MY AIRHOSTESS ROOMMATE review
You might think it doesn't seem to rate much interest - a youth-oriented romcom adapted from a popular internet novel, helmed by a director who hasn't done anything outside China's domestic market in years. Still, despite being fairly undemanding product in the long run, Jiang Qinmin's My Airhostess Roommate has enough lightness of touch and a few moments of grace that it might charm more forgiving viewers with money to burn on the mainland DVD.
The setup is tried-and-tested odd-couple, where world-weary shut-in Lu Fei (Wilson Chen, Kung Fu Dunk, A Chinese Tall Story) takes in vivacious flight attendant Ran Jing (mainland TV actress Wang Luodan). Initially Lu Fei only means for her to spend the night on his couch recovering from a hangover, but Ran Jing keeps coming back, finally explaining she's just been turfed out by her landlord, she's got nowhere else to go and could she please, please move in with him?
Cue the same hijinks anyone who's seen more than a handful of romantic comedies ought to be more than familiar with, as Lu Fei abruptly has to deal with an actual real live human female in the house, with boundaries, a life of her own and very definite ideas regarding propriety and personal hygiene.
This is all set in the kind of blatantly aspirational fantasy-land well-trodden in movies the world over, let alone in Asia, for the past decade or so. Lu Fei has a job, sure - working as a game designer - but he doesn't seem to do nearly enough actual work to rate so lavish an apartment or such bleeding-edge gadgetry, let alone the toys littering every available surface. My Airhostess Roommate shoots for the kind of emotional pitch where chatting with your own multiple personalities is seen as quirky and endearing, rather than full-blown mental illness.
Yet ranked among recent Asian entries to the genre, Airhostess... may hardly be nuanced per se but it knows enough to dial things back (unlike, say, the awful Sophie's Revenge). The comedy here is largely fairly gentle stuff, and surprisingly Jiang opts for a very subdued colour palette tinged a colder, almost arthouse blue rather than a more conspicuous glossy sheen.
Since his debut in Blue Gate Crossing Wilson Chen has continually dabbled in slightly more experimental roles beyond his regular appearances in big-budget fluff - witness the under-rated anthology About Love, plus McDull: The Alumni and Waiting in the Dark. While he's no thespian he has the presence and enough of a gift to lend a nothing role like Lu Fei some measure of pathos. Ran Jing veers close to flower vase territory, but Wang Luodan manages to give her enough self-esteem to make an impression, plus she's pretty and winning enough as an object of (largely chaste) affection.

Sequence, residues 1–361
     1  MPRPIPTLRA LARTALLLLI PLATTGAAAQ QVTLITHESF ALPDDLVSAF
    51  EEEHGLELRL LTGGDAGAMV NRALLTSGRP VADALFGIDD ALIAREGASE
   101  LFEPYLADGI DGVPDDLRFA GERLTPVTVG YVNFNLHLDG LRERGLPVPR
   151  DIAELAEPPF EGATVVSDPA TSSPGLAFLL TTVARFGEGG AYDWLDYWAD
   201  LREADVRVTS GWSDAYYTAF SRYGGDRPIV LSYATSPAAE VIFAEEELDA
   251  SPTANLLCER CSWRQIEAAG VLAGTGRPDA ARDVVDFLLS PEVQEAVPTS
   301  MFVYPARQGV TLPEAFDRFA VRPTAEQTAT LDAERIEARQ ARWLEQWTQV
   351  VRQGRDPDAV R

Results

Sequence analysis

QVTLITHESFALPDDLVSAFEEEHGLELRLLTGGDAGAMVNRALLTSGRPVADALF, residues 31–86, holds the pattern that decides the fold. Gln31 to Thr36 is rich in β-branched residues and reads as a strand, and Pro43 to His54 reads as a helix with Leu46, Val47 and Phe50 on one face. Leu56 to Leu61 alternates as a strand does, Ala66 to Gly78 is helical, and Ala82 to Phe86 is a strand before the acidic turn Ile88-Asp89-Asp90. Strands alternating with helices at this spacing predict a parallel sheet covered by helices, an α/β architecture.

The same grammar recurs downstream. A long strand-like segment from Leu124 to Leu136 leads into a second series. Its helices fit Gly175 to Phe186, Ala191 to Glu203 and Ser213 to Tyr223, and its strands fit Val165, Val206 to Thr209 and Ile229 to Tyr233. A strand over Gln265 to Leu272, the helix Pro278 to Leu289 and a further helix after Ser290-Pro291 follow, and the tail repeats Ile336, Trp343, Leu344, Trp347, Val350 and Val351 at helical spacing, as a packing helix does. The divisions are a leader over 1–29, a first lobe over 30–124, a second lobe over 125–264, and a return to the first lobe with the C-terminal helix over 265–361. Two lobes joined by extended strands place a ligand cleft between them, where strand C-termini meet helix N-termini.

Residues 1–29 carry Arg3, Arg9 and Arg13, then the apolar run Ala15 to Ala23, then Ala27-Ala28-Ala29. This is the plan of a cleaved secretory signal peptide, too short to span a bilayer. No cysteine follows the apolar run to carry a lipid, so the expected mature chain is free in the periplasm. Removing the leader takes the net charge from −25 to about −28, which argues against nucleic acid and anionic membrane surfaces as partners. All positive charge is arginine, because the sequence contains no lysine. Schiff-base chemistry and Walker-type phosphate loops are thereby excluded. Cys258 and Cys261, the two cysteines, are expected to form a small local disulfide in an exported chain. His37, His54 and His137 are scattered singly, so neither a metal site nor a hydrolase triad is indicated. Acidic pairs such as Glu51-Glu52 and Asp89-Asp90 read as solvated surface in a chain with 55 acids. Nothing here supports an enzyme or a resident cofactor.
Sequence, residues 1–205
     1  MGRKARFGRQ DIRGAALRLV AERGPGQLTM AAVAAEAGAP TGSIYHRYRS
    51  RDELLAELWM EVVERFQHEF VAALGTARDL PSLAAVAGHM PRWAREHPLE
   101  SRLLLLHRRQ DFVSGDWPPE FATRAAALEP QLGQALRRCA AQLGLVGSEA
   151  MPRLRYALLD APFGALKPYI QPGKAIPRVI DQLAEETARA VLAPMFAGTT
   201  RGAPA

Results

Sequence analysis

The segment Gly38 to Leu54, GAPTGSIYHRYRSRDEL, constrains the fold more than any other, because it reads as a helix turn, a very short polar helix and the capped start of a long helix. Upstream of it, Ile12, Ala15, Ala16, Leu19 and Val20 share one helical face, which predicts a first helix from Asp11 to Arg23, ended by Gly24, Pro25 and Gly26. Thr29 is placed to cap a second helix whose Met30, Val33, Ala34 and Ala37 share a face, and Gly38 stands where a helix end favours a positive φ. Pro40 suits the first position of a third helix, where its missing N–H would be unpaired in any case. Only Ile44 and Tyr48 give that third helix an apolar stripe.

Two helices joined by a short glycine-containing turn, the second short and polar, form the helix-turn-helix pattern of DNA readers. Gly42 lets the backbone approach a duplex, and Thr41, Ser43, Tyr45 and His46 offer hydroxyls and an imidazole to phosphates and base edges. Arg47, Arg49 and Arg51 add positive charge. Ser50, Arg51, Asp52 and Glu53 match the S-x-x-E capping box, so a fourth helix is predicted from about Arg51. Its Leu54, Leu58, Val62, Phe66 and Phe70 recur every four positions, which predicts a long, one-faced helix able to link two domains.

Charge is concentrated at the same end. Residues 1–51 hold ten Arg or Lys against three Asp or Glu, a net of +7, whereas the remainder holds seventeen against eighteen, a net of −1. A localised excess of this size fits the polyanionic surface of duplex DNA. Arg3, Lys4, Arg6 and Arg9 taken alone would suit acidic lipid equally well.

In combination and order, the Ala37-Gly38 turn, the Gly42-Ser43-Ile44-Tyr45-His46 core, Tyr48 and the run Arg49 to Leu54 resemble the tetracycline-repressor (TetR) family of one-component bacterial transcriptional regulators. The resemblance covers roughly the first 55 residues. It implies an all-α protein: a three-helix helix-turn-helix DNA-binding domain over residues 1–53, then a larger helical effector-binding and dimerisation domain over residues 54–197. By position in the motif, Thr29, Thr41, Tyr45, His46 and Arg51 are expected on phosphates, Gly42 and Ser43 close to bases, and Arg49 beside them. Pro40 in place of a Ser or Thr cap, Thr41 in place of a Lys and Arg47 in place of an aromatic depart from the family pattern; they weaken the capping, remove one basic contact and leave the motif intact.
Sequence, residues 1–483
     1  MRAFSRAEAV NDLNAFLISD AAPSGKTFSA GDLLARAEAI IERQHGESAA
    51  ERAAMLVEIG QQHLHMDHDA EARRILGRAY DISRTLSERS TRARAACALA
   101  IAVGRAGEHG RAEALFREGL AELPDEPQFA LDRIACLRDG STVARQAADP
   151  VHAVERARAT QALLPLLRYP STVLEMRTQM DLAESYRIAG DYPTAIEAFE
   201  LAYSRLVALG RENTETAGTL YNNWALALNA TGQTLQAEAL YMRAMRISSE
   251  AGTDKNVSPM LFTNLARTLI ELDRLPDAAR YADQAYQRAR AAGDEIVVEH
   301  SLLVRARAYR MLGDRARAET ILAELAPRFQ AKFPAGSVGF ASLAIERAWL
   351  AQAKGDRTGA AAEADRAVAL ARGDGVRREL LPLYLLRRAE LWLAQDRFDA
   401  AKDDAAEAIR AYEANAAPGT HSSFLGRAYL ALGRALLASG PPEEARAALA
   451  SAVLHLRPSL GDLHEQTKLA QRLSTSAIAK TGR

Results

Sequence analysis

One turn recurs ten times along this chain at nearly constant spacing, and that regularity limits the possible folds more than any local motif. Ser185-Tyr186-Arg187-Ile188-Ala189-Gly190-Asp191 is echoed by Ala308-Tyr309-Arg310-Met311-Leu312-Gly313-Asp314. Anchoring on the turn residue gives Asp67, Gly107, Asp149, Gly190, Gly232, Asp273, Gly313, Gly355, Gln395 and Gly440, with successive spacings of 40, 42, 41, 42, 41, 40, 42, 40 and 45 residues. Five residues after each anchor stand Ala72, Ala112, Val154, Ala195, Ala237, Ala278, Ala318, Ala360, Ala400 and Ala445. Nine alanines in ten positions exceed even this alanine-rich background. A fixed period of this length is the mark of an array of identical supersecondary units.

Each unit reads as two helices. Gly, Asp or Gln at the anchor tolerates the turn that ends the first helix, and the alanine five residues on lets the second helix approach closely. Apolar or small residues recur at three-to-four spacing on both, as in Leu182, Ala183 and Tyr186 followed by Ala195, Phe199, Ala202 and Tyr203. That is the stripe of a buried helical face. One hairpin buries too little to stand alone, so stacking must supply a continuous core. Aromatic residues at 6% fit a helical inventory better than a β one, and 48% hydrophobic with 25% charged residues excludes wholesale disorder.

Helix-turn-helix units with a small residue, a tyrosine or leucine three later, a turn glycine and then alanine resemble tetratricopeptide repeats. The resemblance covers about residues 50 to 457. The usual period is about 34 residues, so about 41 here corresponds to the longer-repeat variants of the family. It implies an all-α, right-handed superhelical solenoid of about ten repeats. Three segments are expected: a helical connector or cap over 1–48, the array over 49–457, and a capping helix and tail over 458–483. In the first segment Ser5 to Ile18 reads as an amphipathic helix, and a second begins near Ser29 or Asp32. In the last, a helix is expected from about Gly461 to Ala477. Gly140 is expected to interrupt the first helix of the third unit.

The script is relatively balanced, too, and refreshingly non-judgemental - there's little depth here but neither party is cast as entirely black or white, nor do either of them end up 'normal'. The ending may appeal to urban Chinese dreams of upward mobility and their country's relentless modernisation, but in some respects it's an unexpectedly muted climax, and (just!) thoughtful enough to sidestep stereotypical 'pure love' resolutions.
It helps, too, that as a designer Lu Fei's work proves quite enchanting. Wilson Chen seems quite comfortable in that aspect of the role - he played a struggling animator in his segment of About Love - and the rotund little feline he's supposedly working on is appealing enough it's easy to imagine many viewers wishing they could see more of him.
It bears noting, however, that dialing things back doesn't necessarily equate to subtlety. Airhostess...' main problem is for all its craft it's still fairly thin. There's no peril here, no pain - Wilson Chen avoids chewing the scenery but at the same time he can't really give the part any sense of actual life or urgency. Come the expected third act conflict he looks more vaguely upset than torn up inside. Coupled with the general disconnection from reality it's hard to connect with these people to any great degree.
My Airhostess Roommate is by no means a bad film, but for all its little flourishes it's product to a fault, likely to prove relatively forgettable for anyone beyond its target demographic. Anyone after some inoffensive cinematic comfort food could do far worse - it's competently put together, funny and charming - but while it rates as slightly above average there's little if anything truly special about it.
My Airhostess Roommate
- Jiang Qin Min
- Bo-lin Chen
- Juan Du
- Luodan Wang
- Cica Zhou